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Topic: self-monitoring

How to Get Kids to Do What You Want

February 15, 2017

Without question the best way to get kids, all kids, to do what you want them to do is… Let them choose. If this is a new concept to you and you are dealing with a teenager I’m not going to guarantee it will work the first time. However, after a few trials you are likely to discover why this approach, while perhaps against our most visceral impulses, is far more effective than asking, telling or demanding a child to do what you want. Why it works? Quite simply, choice empowers. When students choose, they take responsibility, and when they take responsibility they follow through. Glorious isn’t it? Ok, so it doesn’t always work perfectly. But as you get more comfortable letting… Read More


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Where We Go from Here (35 Strategies to Develop a Growth Mindset)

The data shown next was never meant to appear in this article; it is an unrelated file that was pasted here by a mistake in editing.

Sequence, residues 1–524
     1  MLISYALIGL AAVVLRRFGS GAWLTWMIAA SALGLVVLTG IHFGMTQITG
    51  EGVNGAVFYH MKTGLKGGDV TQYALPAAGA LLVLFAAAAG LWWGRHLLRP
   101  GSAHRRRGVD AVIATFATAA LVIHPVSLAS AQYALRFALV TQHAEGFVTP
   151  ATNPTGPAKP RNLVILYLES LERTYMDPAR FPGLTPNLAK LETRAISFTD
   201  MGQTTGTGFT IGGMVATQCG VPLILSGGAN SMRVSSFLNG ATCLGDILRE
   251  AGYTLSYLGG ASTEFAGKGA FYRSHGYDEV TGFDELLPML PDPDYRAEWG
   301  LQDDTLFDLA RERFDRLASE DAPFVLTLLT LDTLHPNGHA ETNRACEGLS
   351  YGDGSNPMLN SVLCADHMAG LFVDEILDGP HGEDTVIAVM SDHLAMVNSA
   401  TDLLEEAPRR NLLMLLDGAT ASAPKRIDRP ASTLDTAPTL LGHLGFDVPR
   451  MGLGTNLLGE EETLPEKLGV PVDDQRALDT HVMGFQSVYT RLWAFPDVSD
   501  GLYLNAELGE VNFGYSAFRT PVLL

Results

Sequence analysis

November 15, 2016

by Mindprint Staff We get better. As parents and teachers, our path to better is often through the love and laughter of our children. On the other hand, children model the behavior of the grown-ups around them. Our children are watching. We need to mirror the mindset we want them to have, if they are to become the grown-ups that will make the world a better place. Educators know the power of growth mindset, or the fundamental importance of having a positive attitude and response to our successes as well as our disappointments. Now more than ever is the time for adults to model growth mindset. Yes, we are facing many big issues that might feel insurmountable. However, if we want the world to get better we can start small, or at least with the small… Read More


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The Hidden Value in High-Stakes Tests

October 10, 2016

by Mindprint Staff Yes it’s easy to question if there’s any real value to standardized tests, especially if you have a stressed out teen studying for the ACT. High-stakes admissions tests aside, there is plenty of value in standardized tests IF we use them in the right way. The unfortunate reality is they are more often used for inclusion/exclusion or passing judgment rather than identifying how we can help kids succeed. Here’s what we can and should do to change that, one child at a time. The Classic Under-Achiever. Do you have a kid who does well on standardized tests but can’t seem to perform in class? Let’s unlock that potential! Start with the understanding that every kid wants to succeed, no one does well on tests by… Read More


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